Let's talk antennas. Do you ever get tired of fussing with the bunny ears at home all while getting an inconsistent signal that constantly glitches? Well, it's time to upgrade!
We are testing out a product called "Clear TV!"
In the instructional video online, they state that the Clear TV Antenna is unlike any other antenna on the market today with its razor-thin design and allows you to watch your favorite programs for free! Talk about being a Smart Shopper -- if it works.
I took it home to test it out and followed the directions. This is what the instruction manual looks like.
Step one: Attach the mini coax cable coming from the antenna to the antenna-in or cable-in port on the back of the TV. The infomercial states that most TVs that are as old as 2007 and newer, should have a digital tuning option. Older television sets may not, and that would require an additional purchase of a converter box. If the cable is not long enough, an extension cable would need to be purchased as well.
Step two: Decide if you want to put the antenna on a stand. That is also an additional cost. It did not come in our box. Or you can mount it to the wall with screws that are provided in the box, or use suction cups, also provided, to mount it to the top right corner of the windowpane.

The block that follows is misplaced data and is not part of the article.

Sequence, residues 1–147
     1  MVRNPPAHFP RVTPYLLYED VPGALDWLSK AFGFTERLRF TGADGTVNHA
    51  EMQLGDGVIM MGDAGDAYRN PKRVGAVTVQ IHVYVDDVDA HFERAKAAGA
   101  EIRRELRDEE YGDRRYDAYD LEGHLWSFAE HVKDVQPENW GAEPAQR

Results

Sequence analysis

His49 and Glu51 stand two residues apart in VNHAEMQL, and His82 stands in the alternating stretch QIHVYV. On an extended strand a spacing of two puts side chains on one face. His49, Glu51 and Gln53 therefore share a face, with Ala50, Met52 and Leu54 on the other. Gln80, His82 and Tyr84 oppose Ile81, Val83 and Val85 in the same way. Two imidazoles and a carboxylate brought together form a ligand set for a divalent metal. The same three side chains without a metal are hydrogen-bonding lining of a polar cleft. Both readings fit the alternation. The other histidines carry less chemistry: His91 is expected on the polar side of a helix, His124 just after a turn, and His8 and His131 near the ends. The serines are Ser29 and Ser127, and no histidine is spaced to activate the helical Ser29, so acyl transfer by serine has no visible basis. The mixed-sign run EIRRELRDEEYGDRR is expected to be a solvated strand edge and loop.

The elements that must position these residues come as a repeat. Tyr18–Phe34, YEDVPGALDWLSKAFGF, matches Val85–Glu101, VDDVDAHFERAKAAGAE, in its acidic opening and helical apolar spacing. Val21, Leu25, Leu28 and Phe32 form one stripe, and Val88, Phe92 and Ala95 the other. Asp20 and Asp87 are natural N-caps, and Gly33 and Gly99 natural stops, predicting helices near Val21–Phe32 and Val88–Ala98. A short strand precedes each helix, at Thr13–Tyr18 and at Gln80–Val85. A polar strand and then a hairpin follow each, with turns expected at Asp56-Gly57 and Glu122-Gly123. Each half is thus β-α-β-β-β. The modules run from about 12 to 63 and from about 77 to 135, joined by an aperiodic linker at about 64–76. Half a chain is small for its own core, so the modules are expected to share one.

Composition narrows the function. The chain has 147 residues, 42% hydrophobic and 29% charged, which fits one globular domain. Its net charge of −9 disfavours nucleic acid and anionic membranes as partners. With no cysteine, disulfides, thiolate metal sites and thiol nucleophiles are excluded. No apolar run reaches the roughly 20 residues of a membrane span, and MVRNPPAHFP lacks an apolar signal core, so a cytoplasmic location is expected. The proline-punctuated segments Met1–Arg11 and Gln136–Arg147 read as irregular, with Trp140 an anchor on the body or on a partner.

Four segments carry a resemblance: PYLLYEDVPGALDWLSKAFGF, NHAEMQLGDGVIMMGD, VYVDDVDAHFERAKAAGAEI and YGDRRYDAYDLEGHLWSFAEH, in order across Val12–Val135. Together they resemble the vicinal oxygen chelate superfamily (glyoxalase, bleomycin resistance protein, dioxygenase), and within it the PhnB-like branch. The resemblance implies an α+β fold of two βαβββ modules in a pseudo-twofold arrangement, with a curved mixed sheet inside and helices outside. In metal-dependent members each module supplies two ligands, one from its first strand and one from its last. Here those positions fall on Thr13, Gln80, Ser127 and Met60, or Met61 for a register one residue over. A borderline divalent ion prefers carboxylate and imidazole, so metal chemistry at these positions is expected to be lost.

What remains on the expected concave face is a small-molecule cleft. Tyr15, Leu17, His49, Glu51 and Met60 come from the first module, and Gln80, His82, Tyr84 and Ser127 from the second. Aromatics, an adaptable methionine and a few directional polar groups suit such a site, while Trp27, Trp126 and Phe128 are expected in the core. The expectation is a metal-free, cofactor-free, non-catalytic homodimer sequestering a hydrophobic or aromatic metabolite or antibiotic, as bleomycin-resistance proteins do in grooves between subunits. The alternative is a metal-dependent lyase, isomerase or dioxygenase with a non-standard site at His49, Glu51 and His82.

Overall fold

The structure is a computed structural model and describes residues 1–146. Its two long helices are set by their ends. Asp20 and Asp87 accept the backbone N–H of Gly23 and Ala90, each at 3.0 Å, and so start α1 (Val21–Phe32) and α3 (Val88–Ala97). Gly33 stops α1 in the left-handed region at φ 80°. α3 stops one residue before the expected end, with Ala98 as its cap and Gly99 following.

It's recommended that you put the antenna up with tape first to make sure your placement gets good reception before screwing it in or mounting it elsewhere permanently.
Step three: Navigate the system menu, set the TV's input to antenna, and do an auto-search or auto-program to find all the channels. It's also recommended that Clear TV Antenna is within 35 miles of the broadcasting towers and should not blocked by any physical structure, whether that be other buildings, metal, mountains, trees, etc. The instructional video shared that the signal may vary depending on the geography and home construction. You can click here, or click here, and enter your zip code to find the nearest transmission towers near you. Once you find it, be sure to face Clear TV Antenna in that direction.
Step four: Adjust the antenna location.
We moved ours several times and had to redo the auto-search several times, too. We found that the reception was best on the window. So, we suction cupped ours to the top right corner.
We also tested out our old antenna to compare. Not only was the Clear TV clearer (fitting for the name), but we also received more channels! Our old antenna found 29 channels, excluding many of the local news stations in town. Clear TV found 44 channels, and included all the major stations here. It's also supposed to be compatible with TIVO and DVRs. We did not test that claim.
So, where does it rank on our Bull or No Bull Meter? I'm going with... NO BULL!
Try it out, and let us know what you think!